In 2015, the Eagles replaced LeSean McCoy with DeMarco Murray and Ryan Mathews, a change that was billed as being two star running backs for the price of one. How'd that wind up working out?
While Mathews ended up impressing some people, Murray — predictably — was a flop. Issues of scheme fit aside, it was clear the previous season's near-historic workload as a member of the Cowboys had taken its toll, and the NFL's reigning rushing champion was no longer a premier back. Worn down and missing an offensive line stocked with three Pro Bowlers, Murray lacked explosion and looked hesitant with the ball in his hands. There was evidence of decline during his 1,845-yard campaign in Dallas as well, but it semeed there was nothing left by the time he joined the Eagles.
Murray's 3.6 yards per carry ranked 42nd out of 47 qualifying backs. Shipped off to Tennessee in the offseason, it's difficult to argue he will be missed. On the other hand, the only major addition to the unit was fifth-round draft pick Wendell Smallwood. Whether his best days are behind him or not, Murray was something of a known quantity, whereas this new kid is not. So are the Eagles really better off?
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Believe it or not, there are people who saw Mathews' superior production coming. Aside from Murray being up against the Curse of 370, there was a marked difference between the two even at training camp. Mathews looked bigger, ran faster and cut sharper. He was also underrated coming over from the Chargers to begin with, where the former first-round pick twice eclipsed 1,000 yards and received an invitation to the Pro Bowl in 2011.
Sure enough, Mathews was the far more effective of the two, averaging a full yard-and-a-half more per attempt and making an identical seven trips to the end zone despite 111 fewer total touches. He should've been named the starter over Murray four weeks into the season. There is no question right now that regardless of scheme Mathews is the more talented ball-carrier, and the Eagles' ground attack only stands to improve if he handles the bulk of the workload.
Of course, the problem with Mathews never really was talent. Once again, the veteran back missed time last year due to injury, this time losing three games due to a concussion. Granted, that could happen to anybody, but the reality is he's only suited up for the full 16 games once in six NFL seasons, and while it's typicaly been only a couple games here and there, it's tough to depend on his availability.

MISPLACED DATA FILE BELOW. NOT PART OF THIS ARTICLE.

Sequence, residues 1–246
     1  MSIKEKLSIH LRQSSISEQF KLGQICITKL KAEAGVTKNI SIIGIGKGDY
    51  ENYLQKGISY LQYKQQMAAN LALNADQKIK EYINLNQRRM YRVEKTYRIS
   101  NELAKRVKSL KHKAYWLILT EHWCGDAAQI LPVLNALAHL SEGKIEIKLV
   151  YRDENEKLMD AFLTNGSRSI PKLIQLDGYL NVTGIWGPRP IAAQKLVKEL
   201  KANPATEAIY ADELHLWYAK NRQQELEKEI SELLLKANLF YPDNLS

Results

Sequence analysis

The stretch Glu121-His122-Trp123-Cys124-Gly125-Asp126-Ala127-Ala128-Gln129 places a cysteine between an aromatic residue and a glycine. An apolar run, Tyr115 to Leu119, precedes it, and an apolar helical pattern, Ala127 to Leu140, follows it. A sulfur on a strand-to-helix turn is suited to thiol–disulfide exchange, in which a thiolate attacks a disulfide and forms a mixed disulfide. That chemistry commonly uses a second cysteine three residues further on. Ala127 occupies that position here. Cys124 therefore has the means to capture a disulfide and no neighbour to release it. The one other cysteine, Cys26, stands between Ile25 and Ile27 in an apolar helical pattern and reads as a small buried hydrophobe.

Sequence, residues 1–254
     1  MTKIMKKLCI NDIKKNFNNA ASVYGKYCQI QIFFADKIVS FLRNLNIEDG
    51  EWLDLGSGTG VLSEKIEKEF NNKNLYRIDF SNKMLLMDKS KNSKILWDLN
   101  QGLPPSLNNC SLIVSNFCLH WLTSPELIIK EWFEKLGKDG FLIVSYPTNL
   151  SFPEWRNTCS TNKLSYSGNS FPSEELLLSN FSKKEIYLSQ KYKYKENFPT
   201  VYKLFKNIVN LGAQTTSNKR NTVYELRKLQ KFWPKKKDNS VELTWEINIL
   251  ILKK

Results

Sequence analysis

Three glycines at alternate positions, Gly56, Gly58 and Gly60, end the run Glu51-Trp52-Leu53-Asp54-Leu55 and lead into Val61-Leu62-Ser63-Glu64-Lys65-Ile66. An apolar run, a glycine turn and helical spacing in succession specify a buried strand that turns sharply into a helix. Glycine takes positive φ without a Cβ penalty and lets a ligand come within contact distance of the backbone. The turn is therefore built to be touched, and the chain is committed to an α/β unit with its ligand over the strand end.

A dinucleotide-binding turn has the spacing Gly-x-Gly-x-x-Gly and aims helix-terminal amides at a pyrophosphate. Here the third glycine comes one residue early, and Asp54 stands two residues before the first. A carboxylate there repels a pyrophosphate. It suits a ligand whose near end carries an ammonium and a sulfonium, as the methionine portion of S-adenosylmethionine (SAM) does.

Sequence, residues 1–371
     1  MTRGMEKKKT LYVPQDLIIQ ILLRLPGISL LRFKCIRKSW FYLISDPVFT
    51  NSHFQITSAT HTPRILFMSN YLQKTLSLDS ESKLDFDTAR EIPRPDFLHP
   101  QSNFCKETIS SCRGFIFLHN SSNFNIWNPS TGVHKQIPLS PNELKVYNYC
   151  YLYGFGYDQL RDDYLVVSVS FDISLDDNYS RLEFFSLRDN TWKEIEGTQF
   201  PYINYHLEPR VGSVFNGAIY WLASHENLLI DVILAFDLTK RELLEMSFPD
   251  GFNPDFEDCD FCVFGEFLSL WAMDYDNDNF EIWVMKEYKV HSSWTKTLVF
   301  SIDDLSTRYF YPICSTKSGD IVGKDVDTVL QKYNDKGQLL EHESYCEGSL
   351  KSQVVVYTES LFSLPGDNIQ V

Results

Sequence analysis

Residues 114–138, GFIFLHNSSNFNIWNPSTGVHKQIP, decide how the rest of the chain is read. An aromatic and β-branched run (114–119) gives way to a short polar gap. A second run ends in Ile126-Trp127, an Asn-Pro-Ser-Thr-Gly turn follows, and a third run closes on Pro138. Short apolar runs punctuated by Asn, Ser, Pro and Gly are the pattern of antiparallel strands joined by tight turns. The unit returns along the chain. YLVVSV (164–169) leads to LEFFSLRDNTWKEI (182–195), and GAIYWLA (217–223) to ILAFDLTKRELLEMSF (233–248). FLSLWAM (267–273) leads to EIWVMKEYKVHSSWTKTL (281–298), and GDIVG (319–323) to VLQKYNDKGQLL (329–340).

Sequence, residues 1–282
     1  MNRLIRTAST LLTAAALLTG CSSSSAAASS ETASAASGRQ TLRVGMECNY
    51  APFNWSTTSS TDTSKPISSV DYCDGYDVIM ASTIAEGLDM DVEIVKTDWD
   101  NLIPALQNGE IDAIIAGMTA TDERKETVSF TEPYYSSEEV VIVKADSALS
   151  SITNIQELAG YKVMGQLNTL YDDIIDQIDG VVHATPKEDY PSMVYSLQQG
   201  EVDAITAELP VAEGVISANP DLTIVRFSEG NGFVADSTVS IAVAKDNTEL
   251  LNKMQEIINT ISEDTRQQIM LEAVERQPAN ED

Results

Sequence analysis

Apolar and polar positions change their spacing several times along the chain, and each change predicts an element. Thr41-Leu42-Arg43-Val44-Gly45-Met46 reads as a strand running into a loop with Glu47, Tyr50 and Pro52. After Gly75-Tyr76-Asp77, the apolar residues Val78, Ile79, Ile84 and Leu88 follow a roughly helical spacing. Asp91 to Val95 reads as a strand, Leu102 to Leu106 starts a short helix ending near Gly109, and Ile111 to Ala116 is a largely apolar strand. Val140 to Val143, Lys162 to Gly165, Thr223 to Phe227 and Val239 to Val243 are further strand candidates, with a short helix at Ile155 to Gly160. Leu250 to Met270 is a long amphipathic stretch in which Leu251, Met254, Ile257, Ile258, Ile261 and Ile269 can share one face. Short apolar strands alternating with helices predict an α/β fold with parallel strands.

When Mathews inevitably is out, who will the Eagles turn to? Darren Sproles isn't a guy you feed the ball to 20 times a game. Is Smallwood going to be ready to handle a full workload? Even just looking at this situation as a rotation before adding any injuries into to the mix, it's a tad underwhelming. The right guy may be at the top of the depth chart finally, but there are a lot of questions about that, not to mention who's behind him.
In terms of yards per touch, Sproles is coming off of the worst season of his career, averaging a pedestrian 3.8 yards per carry and 7.1 yards per reception. He's 33, entering the final year of his contract and there's a little skepticism as to how much is left in the tank.
None of which is to say Sproles is done. In fact, it will not be surprising at all if he experiences something of a rebound in 2016. If nothing else, being moved around in a new offense should keep defenses on their toes for the first half of the season. 3.8 and 7.1 are probably about the worst figures we can expect, and even with those disappointing numbers, Sproles had a way of supplying a spark in some key moments. At this stage of his career, he may not reel in 70-80 passes anymore, but he's still a nice weapon to have. Sproles probably could be an effective part-time player into his 40s. He'll be fine.
It's unusual for a fifth-rounder to be so highly counted upon, yet that's exactly the situation Smallwood may find himself as a rookie. Mathews is injury prone and Sproles is not a feature back. That means unless Kenjon Barner is going to make the team again, Smallwood at the very least is likely to see a handful of touches per game right out of the chute, possibly more
That is the plan anyway, although some if it depends on whether he can become a suitable pass-protector. Smallwood ran for 1,519 yards with a 6.3 average and nine touchdowns his final season at West Virginia, so there's not as much concern about what he can do with the ball in his hands. It's whether he can pick up the playbook and finer points of the position, particularly running routes and keeping the quarterback's jersey clean. There's simply no way to know whether he can be trusted to handle those responsibilities this season.
BETTER OR WORSE
Murray was overrated to begin with, especially considering his early demise was easy to spot. That being said, taking money and his bad attitude out of the equation, are the Eagles truly better off without him? On paper, he provides stability, while there was a;sp some hope for a bounce-back year of sorts in a scheme more befitting of his abilities. Smallwood could be a nice back in time, perhaps even an eventual starter, but from where we're sitting today, the depth chart and overal talent pool has been weakened. WORSE